A draw, it was declared. Pitch too flat, it was considered. Weak tourists’ attack too easily plundered, it was opined. Predictable cricket, it was averred. Tests will only suffer, was the conclusion.
What even seasoned observers tend to forget about Test cricket, however, is its length. Before any match starts the ground announcer should refashion one of those tag lines from old Saturday morning matinees: “Anything can unfold over the next five days and probably will.”
England and Sri Lanka spent the first three days of the first Test mounting up runs and not losing many wickets. The plot was going nowhere. On the fourth day yesterday, it veered all over the place, with a series of twists, turns, unexpected developments, triumph and drama.
It may still end in a draw some time after tea today but England are easily favourites now. Typically, given the nature of this game, they were guided to that position with a maiden Test hundred by their new number three, Gary Ballance, who was generally deemed not to be the most suitable candidate for the particular spot in the order.
In the nick of time, with an overnight declaration looming, Ballance reached his century with a six in the day’s final over, determinedly, weightily, hungrily launched into the Grand Stand through midwicket. Even by modern standards of excess, his elation was unconfined. He ran so far in the direction of the home dressing room at the Pavilion End, his bat whirling, his chubby cheeks traffic-light red, though nothing would have stopped for him, that it was assumed England must be calling a halt to their second innings.
They were not and Ballance duly reassumed his guard to finish the proceedings. It was a superb inaugural Test hundred of deep contrasts. At the start, it was doggedly pragmatic – it had to be – but he finished the day with a wonderful flourish and a sequence of aggressive strokes, usually off the back foot and often square of the wicket. Understandably, the selectors will be preening themselves at their masterstroke.
Ballance’s first 50 took 130 balls, his second 54 balls. It did not quite dispel the doubts of those who suggest his method of lurking deep in the crease may not make him a durable three but it was a validation of the selectors’ bold decision. This was an essential, calm contribution without which England would have been staring at the embarrassment of defeat.
England finished the day on 267 for 8, 389 runs ahead after Sri Lanka added another 38 runs while losing their last three wickets in the morning. Ballance, in his second Test, assembled a crucial partnership with Chris Jordan, one of the three England debutants, who batted with an admirable swagger for the second time in the match.
Strictly in the interests of the match as a contest, their endeavours might not have been desirable. In launching a recovery from 121 for 6 when England were in imminent danger of folding, they have almost certainly put the match beyond their opponents. Had England obliged in losing their last four wickets quickly the final day would have promised an absorbing, even contest.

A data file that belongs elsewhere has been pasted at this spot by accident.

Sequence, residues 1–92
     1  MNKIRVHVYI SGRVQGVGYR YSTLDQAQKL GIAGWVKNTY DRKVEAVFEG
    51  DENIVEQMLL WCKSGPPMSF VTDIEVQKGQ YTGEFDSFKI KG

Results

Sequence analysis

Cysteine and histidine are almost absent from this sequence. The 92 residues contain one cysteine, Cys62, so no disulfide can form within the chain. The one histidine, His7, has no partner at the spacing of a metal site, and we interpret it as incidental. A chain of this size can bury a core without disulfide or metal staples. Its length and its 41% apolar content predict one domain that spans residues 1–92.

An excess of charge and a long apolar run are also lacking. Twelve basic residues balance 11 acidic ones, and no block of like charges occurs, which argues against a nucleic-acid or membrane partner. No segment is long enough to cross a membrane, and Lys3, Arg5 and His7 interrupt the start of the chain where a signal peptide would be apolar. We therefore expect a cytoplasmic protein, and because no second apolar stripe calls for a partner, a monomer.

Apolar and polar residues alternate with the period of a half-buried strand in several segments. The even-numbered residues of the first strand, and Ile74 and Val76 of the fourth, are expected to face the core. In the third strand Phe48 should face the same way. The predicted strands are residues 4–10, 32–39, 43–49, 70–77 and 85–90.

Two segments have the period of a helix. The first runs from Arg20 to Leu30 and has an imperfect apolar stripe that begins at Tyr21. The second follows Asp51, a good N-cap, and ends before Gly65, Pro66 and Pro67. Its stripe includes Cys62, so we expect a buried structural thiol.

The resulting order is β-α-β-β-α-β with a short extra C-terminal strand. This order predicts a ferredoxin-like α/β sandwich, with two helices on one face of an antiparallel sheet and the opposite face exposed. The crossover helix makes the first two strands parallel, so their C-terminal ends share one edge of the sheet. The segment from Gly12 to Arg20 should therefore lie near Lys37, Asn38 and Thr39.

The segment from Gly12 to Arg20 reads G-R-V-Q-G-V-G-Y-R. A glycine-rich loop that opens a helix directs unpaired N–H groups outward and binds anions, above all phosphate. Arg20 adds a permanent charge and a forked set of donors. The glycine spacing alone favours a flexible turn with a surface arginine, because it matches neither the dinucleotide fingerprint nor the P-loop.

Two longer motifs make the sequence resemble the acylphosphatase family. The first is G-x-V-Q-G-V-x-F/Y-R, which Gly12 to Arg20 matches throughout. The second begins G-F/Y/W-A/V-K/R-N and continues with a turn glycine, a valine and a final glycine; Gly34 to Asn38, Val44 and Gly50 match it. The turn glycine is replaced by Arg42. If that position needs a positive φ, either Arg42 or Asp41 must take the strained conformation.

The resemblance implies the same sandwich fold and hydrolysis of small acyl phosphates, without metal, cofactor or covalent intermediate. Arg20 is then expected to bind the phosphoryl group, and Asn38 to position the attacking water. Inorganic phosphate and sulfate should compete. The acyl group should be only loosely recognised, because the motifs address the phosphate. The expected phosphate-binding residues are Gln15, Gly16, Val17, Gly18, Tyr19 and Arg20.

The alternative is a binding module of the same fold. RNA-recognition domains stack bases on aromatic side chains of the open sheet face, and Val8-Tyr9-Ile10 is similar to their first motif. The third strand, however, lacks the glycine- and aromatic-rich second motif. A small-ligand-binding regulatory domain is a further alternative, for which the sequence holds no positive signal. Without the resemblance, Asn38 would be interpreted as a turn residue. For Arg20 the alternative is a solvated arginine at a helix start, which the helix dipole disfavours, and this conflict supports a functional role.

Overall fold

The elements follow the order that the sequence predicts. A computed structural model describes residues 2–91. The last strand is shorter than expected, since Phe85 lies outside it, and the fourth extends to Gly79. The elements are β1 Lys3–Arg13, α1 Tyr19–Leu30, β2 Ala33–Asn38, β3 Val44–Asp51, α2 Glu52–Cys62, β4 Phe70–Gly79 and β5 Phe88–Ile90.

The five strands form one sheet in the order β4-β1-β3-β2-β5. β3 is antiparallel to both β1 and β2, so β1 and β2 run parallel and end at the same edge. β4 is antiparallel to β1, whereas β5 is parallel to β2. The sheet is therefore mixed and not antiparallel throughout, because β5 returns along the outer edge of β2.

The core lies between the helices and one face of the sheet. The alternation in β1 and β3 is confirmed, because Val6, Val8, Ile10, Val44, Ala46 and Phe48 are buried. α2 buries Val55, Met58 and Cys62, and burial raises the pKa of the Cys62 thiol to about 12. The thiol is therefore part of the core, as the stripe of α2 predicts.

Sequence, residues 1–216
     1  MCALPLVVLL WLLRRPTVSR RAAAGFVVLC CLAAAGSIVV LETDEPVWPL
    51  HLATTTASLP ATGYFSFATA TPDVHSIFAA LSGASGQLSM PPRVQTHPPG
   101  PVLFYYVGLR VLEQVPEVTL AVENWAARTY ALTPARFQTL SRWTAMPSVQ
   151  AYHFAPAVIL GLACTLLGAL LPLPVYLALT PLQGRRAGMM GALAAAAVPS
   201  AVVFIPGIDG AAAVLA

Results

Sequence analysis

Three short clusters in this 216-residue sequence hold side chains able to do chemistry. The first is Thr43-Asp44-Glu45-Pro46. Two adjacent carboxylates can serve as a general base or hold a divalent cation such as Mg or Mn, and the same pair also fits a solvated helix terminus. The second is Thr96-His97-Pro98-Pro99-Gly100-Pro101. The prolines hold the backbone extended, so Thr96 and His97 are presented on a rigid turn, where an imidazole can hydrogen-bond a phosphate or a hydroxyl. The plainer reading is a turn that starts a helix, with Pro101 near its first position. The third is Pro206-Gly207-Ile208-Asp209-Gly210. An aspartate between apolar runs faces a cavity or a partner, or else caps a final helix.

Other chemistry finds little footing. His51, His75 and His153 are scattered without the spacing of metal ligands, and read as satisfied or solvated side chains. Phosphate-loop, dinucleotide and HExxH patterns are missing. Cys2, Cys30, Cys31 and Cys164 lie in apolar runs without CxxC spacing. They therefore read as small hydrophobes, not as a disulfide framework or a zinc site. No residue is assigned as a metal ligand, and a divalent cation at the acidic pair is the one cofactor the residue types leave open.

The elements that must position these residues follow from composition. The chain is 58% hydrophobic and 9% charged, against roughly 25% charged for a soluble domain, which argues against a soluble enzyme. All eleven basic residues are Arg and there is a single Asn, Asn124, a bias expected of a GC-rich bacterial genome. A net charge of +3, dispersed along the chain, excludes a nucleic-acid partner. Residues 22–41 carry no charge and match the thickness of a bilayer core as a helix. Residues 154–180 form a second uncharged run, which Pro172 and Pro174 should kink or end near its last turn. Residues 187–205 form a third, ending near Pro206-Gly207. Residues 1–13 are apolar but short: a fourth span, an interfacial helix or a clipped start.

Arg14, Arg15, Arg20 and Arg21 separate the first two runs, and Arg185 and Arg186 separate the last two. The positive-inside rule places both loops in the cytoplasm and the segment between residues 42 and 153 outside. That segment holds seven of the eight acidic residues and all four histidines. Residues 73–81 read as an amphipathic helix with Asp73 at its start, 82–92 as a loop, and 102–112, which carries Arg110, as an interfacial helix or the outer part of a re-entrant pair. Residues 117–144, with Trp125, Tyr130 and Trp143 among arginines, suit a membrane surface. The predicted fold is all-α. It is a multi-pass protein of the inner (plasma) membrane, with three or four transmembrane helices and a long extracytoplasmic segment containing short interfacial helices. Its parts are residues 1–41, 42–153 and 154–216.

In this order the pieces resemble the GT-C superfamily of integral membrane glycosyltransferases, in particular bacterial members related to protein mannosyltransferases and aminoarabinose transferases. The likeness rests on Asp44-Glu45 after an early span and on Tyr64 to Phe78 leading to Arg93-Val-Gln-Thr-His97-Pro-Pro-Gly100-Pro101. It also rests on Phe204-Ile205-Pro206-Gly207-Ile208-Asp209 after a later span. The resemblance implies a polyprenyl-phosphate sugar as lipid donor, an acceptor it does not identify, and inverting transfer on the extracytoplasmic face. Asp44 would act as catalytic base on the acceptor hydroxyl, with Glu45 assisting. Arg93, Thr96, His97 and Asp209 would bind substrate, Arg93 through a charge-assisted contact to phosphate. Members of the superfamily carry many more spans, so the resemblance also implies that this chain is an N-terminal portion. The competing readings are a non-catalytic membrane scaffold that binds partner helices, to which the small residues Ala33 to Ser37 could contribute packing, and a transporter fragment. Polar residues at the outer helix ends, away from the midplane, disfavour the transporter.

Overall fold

As it is, Sri Lanka will have 90 overs to save the match on a surface which must wear at some point. If one of England’s part-time spinners were to play a prominent role the selectors might be keen to make several more points about what it takes to pick a side.
It is unlikely that the tourists will think they can win. Making above 300 in the fourth innings to clinch a Test match continues to be a rarity. It has been done only once at Lord’s, by West Indies, who made 344 for 1 to win in 1984. Two other teams, India (397 in 2002) and Australia (415 in 2009) have made more and still lost.
England almost mucked it up. It all went according to plan, if a bizarre plan, in the morning. Banging it in short, because they could, the home side took the last three wickets straightforwardly enough, but not before Angelo Mathews became the second Sri Lankan in the match and the fourth Sri Lankan captain to score a hundred at Lord’s. England, by having fielders round the boundary instead of under his chin, put him under no pressure.
It was imperative, if they were to carry out their new brief, for England to play assertively but not carelessly. Alastair Cook, their captain, fulfilled it well until, as is worryingly his wont, he was caught behind driving at one going across him. Cook still has credit in the bank going back years but he is drawing on capital now. Apart from anything else, he needs a break.
Sam Robson, his new partner, pushed forward too diffidently and with hard hands only to have his off stump hit as the ball seamed back. This was an inspired spell by Shaminda Eranga and Ian Bell, as ever looking peerless, was also bowled by one which shaped away and seamed back.
When Rangana Herath also seized the moment England were in trouble. Herath caught Joe Root on the crease and instantly won the lbw verdict. Moeen Ali came in and announced himself by clumping Herath over long on as if to say that he would not be easily intimidated. But Herath has been doing this kind of thing for years and immediately turned one from the edges of the rough through Ali’s rather casual drive. Welcome to Test cricket, Sonny, Herath seemed to be saying.
Had Sri Lanka struck again then anything was possible. But Jordan did not hesitate and his strategy worked. There were five fours in his breezy 35. Jordan is a breezy cricketer. He and Ballance shared 78 and when Stuart Broad arrived to demonstrate further that England’s tail mean business again, the game drifted away from Sri Lanka.
It left Ballance to calculate the runs and time ratio. He hit two fours in the penultimate over. Herath bounded up for the last time of the day and without a backward glance Ballance took the ball from off stump with clear intent. It did him and the team credit.
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